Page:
Loopy or not, the conspiracy theorists will have a major influence on Parliament’s decisions. At this point it seems likely that, in the absence of concessions that would render the already weakened CPRS utterly useless, the Liberals will take the easy option of deferring a vote.

The Rudd government will then be faced with a simple choice. They can capitulate to a divided and discredited opposition, a choice that will avoid short-term trouble but ensure long-term disaster. Alternatively, the government can take a stand on the basis of the mandate it received at the last election and go to a double dissolution. This is the appropriate option prescribed by the Constitution in to resolve irreconcilable differences between the House of Representatives and the Senate.

If the current Parliament cannot summon the political will and common sense to save the Great Barrier Reef and other ecosystems on which we all depend, it should be dissolved sent back to the Australian people. Unlike the politicians, most ordinary Australians care enough about the planet and its future to make the right decisions.

120 thoughts on “The Oz strikes back

  1. @paul walter
    Paul Walter – I do acknowledge men are useful for some things but I also note you dont take into account your own domestic maintenance requirements (I wont call it plumbing – that undervalues the transaction) but not only that you want women to pay you a meal for the pleasure of it. Sounds like a very dubious service fee if you ask me….

  2. Alice, am a very dubious person. You guessed that sometime back.
    You appear to be accusing me of some sort of Simony.

  3. Cynic, you would not acknowledge that the last decade has seen unusually hot weather, comparatively speaking against previous decades, for Adelaide and environs at least.
    As Donald Oats said, we are well aware of the difference between climate and weather.
    No apology is contemplated from this quarter.

  4. Must admit Paul Walter – you caught me off guard and I had to look up Simony “The buying or selling of ecclesiastical pardons, offices, or emoluments”

    Well you could be right!

  5. @Cynic

    I said:

    the settled science is having a great weekend as a record November heatwave and catastrophic bushfire threats manifest all over the country…”

    Indeed Cynic I did choose my words carefully. A “record November heatwave” is clearly temporally distinct from “a great weekend”. November is more than a weekend.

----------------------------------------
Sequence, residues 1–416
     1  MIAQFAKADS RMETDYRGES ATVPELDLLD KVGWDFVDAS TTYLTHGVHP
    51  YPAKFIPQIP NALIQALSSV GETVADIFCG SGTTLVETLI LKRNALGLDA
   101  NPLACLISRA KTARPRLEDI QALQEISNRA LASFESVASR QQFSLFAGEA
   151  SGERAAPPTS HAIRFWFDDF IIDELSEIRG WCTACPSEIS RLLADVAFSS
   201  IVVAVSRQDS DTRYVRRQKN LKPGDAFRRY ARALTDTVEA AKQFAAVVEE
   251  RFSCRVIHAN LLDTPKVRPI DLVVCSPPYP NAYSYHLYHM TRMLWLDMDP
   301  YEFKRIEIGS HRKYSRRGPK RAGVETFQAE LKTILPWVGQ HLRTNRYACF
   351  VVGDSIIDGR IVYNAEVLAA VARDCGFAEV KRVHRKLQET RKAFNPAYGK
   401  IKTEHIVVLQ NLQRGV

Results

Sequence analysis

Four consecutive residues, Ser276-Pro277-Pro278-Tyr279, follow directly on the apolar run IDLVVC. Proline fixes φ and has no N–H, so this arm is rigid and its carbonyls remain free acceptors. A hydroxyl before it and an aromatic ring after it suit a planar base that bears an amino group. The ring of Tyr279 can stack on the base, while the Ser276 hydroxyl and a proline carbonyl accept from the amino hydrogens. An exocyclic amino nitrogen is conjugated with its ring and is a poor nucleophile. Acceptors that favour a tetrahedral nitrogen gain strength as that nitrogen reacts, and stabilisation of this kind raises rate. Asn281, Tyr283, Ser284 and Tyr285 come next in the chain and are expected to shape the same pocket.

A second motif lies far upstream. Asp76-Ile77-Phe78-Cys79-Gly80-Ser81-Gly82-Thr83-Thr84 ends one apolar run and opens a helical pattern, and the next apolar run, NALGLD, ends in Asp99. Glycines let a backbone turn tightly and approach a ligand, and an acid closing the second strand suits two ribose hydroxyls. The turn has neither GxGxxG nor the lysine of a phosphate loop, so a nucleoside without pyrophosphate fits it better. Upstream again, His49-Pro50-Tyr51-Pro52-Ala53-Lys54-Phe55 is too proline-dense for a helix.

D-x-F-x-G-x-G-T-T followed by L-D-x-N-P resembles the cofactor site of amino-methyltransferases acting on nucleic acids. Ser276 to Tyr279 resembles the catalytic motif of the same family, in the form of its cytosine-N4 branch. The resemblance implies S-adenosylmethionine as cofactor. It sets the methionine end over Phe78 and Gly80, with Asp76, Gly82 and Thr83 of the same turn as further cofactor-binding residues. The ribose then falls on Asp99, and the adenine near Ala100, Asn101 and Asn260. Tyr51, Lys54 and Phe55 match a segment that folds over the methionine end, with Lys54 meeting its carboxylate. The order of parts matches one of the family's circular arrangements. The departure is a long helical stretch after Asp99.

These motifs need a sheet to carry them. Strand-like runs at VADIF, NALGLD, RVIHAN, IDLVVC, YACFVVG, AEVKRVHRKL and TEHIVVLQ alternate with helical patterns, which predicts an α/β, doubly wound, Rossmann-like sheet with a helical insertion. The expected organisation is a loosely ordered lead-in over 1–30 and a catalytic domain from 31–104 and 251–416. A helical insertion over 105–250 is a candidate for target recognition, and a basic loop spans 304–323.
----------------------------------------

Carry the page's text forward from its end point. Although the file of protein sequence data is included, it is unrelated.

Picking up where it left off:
This weekend was great for the settled science because in the minds of the people your lot want to influence, this is significant in terms of climate change. You can’t complain that this is unfair because you don’t do science — you do rockthrowing and FUD.

    Does this mean that a hot November is the same thing as climate? No, of course not — especially since we are only talking about a tiny portion of the Earth’s surface. But if this data and the CRU hack were people standing in a hall and shouting as loudly as they could their urgings on the climate question, the former would be audible to many people and the latter only audible to dogs.

    Woof woof to you.

  6. @Fran Barlow
    from wikipedia “The modern terms cynic and cynical derive from the Greek word kynikos, the adjective form of kyon, meaning dog”
    too easy Fran – we all did classics at school here 🙂

  7. Alice, it is true that you have latched on to the narrower definition, but I can assure you I have never been an initiated member of the frocked bloke brigade and worked in an orphanage, and agree indulgences should never be sought for soul and character enobling work.
    It’s true that a cuddle, or its logical extension; a feed, is nice, but should not be taken for granted, anymore than the honour of being chosen as the right tradesperson for the activity ahead: any earlier lack of clarity on the writer’s part is rightly rebuked.

  8. @nanks

    You got what I thought would be the more obscure part, but you missed the allusion to dogwhistling …

    Oh what they heck … 10 points … 🙂

  9. Back to the chase, the ABC news at this very moment, playing a story about a Texas university using complex instruments to divine that, in fact, the major ice shelfs of Antarctica are now melting at a greater rate than their replacement, so now previous phenomena that of course did provide adequate accumulation, otherwise the bloody ice shelfs wouldn’t be there, must have altered recently.

  10. @Fran Barlow